Paradise Valley

To soothe aching muscles after a few steep days in Glacier Park, we decided to head to Lake Annette / Paradise Valley with its minimal elevation gain. While rated as a premiere hike in the ‘Don’t Waste your Time in the Canadian Rockies’ guide, I feel that it would have been better saved for a rainy day, and that the rating must have degraded since the removal of the option to make this a loop hike. The trail along the creek near the Giant Steps has been closed for rehabilitation. Nevertheless, it was a gorgeous day out, and the views of Mount Temple’s North face were quite a sight.

The in and out route runs about 22km, now that the return loop option has been removed
Looking up the valley towards Horseshoe Meadows, Mount Hungabee is the tall peak second to rightmost
Mount Temple and Sentinel Pass from the Giant Steps
Looking down over the Giant Steps
Mount Pinnacle and Eiffel Peak
The North face of Mount Temple

4 thoughts on “Paradise Valley

  1. You mentioned that the trail to the Giant Steps is closed? We were planning on doing this hike on the 19th of August, do you think it will still be closed then? The only reason I want to do this hike is to photograph the waterfall. 😦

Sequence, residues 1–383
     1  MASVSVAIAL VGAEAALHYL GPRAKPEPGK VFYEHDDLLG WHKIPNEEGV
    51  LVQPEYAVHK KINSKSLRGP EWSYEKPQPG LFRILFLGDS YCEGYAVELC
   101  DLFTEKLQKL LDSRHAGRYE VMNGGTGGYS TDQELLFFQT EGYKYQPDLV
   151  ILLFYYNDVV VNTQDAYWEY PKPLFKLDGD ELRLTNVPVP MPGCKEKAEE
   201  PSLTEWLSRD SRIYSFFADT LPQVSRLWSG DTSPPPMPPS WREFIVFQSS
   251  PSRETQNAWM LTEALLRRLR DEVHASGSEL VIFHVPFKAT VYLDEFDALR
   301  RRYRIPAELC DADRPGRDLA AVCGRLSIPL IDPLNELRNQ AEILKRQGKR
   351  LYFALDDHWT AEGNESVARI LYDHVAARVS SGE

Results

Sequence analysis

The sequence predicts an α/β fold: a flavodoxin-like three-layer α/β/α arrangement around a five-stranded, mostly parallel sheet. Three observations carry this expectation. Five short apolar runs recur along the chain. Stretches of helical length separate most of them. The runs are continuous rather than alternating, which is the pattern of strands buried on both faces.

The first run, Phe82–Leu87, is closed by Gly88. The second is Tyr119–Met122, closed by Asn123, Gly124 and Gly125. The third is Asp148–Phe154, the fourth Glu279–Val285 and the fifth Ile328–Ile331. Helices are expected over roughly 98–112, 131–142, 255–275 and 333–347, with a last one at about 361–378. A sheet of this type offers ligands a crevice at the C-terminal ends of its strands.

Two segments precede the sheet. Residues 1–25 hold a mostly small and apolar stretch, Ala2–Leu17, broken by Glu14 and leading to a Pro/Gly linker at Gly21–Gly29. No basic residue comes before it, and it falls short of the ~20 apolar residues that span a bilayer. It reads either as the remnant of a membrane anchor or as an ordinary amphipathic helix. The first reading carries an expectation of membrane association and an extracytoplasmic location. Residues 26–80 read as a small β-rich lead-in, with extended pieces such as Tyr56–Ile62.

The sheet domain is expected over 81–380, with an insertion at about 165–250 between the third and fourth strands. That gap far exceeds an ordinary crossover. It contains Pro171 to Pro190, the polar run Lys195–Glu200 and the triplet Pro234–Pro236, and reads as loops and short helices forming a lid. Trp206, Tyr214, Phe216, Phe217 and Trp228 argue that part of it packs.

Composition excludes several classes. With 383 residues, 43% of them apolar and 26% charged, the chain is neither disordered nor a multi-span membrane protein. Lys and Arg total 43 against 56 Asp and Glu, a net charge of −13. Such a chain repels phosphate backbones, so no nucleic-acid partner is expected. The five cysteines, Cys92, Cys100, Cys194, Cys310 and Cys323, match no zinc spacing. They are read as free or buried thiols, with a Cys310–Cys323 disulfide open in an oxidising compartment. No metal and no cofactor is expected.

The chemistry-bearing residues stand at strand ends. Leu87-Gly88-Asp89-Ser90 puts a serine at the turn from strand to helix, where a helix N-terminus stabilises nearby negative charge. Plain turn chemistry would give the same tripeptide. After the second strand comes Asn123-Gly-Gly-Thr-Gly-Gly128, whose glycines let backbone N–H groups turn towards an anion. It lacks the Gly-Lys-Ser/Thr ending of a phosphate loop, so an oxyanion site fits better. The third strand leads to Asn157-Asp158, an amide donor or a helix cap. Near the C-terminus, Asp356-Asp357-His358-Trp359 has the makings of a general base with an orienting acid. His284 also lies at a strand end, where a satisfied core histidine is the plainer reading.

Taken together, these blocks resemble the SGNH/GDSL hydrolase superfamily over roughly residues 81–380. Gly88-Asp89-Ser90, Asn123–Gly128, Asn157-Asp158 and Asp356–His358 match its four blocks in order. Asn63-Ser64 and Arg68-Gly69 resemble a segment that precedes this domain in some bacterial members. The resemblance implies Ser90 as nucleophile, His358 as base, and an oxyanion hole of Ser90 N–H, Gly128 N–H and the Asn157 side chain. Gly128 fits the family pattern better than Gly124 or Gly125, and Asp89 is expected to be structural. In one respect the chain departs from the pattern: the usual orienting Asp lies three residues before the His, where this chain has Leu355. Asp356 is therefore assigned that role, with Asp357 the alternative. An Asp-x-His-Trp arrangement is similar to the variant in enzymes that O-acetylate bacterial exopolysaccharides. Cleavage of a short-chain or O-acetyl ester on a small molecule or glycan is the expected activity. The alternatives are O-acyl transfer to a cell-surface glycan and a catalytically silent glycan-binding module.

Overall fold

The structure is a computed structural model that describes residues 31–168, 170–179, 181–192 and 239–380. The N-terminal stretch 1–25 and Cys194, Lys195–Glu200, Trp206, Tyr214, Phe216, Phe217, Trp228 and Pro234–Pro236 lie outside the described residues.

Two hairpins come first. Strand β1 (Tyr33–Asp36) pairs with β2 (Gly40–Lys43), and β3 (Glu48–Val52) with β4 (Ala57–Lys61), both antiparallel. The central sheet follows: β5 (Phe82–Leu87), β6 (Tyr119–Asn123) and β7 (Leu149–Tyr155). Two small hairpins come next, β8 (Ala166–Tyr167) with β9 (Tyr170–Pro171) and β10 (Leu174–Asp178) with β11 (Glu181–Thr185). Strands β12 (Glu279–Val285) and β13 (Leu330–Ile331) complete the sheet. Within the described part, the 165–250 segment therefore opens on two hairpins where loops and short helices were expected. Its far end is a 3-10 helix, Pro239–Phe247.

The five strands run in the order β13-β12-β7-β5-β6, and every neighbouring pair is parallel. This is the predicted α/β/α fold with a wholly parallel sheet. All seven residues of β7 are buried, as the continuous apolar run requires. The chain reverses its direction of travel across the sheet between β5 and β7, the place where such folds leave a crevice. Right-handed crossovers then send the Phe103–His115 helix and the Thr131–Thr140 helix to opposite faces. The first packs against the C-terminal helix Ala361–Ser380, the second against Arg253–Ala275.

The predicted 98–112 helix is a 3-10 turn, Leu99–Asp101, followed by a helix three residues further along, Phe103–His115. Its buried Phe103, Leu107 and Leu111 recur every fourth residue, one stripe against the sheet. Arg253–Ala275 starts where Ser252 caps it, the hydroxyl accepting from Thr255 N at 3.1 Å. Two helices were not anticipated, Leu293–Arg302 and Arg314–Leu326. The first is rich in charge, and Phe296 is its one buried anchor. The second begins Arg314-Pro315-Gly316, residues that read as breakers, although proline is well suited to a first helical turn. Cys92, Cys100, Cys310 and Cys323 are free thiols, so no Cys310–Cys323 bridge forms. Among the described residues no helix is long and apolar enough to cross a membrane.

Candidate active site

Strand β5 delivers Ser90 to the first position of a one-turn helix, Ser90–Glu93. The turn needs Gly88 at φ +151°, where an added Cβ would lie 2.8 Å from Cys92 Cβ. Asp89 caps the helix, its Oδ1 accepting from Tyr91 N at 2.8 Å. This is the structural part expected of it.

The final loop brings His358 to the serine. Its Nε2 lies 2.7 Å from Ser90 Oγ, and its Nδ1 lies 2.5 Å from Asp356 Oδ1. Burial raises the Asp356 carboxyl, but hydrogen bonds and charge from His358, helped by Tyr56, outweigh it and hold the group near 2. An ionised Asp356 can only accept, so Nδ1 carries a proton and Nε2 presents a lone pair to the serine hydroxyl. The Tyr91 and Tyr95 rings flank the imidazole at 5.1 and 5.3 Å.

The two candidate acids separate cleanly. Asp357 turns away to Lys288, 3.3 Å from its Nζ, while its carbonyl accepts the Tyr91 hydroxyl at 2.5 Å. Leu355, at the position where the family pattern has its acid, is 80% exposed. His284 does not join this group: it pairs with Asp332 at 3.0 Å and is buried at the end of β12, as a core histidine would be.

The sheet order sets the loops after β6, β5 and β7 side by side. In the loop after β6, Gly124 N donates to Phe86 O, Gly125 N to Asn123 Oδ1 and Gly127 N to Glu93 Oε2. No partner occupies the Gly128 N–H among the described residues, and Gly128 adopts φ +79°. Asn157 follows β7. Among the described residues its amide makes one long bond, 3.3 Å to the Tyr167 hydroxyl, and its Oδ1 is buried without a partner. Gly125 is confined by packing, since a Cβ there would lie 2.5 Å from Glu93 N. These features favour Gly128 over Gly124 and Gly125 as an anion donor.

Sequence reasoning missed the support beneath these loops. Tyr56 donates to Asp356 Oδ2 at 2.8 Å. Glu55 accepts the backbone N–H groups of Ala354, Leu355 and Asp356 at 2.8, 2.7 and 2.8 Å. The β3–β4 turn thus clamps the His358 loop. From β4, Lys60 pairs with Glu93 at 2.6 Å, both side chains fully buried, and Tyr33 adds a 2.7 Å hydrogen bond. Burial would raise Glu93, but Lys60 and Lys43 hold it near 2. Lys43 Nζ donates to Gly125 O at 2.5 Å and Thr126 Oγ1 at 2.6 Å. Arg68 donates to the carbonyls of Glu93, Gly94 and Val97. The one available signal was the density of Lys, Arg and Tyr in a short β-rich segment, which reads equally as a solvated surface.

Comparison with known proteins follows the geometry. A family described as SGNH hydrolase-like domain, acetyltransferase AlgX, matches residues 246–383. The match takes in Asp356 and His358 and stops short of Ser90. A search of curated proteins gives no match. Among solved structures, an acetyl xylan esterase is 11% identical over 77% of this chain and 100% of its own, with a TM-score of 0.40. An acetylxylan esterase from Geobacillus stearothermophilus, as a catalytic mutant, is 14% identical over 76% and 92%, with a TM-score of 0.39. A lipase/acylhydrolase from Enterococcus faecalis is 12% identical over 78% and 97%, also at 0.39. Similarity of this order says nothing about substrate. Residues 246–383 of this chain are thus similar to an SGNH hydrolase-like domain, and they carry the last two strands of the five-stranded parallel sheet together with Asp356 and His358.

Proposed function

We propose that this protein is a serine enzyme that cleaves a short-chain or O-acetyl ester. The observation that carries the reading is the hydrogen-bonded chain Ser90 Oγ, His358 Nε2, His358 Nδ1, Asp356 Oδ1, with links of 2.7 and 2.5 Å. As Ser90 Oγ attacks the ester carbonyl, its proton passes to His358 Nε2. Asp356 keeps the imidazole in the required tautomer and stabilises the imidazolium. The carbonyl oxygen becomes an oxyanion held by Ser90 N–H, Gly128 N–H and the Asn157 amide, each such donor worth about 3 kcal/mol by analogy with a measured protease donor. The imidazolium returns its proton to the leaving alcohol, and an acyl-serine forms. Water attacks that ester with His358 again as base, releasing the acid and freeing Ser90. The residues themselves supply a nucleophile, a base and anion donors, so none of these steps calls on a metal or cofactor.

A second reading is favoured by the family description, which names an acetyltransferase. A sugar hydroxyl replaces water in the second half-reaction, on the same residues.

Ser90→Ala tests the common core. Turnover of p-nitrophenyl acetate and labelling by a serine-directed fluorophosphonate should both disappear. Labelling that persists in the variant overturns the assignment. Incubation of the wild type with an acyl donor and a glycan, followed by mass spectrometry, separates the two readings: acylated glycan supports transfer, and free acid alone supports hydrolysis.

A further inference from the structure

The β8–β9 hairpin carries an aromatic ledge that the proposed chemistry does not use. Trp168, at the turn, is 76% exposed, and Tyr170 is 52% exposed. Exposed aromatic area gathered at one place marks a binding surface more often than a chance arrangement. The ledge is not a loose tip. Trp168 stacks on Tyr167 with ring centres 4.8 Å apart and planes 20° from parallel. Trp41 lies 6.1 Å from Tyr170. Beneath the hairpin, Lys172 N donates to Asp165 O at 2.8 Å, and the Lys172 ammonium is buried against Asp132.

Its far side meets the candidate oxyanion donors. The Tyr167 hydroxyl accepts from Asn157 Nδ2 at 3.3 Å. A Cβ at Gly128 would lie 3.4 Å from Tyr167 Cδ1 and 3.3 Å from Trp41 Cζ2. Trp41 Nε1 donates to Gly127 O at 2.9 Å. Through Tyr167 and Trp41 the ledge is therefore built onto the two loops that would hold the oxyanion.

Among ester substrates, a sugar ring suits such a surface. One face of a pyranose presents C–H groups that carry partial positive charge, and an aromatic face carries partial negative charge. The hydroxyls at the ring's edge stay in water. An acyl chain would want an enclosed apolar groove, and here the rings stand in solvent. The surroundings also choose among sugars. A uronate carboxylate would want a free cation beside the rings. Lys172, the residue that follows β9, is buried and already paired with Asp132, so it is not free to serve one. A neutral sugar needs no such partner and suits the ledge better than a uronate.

1. The trail to the Giant Steps is not closed, it is just that there used to exist an option to turn this hike into a loop, or circuit (and many maps still indicate this). There was a trail that branched off near Lake Annette and linked almost directly to the Giant Steps, this would save regain of elevation, and a few kilometers on the return trip. You can still get to the Giant Steps, it will just take a little longer than it used to and it is now an in and out via the same route experience.

      1. Thanks so much! Also, there are only two in our group…I saw a notice saying that groups of 4 or more were required due to bears…would it be likely that a group would let us tag along with them? We will both be carrying bear spray and hiking poles.

      2. It is a pretty popular trail, so you should be able to meet up with others at the trail head, so long as you don’t start hiking too early or too late. I’ve done this many times on the trails departing from Moraine Lake, and often you end up meeting interesting people.

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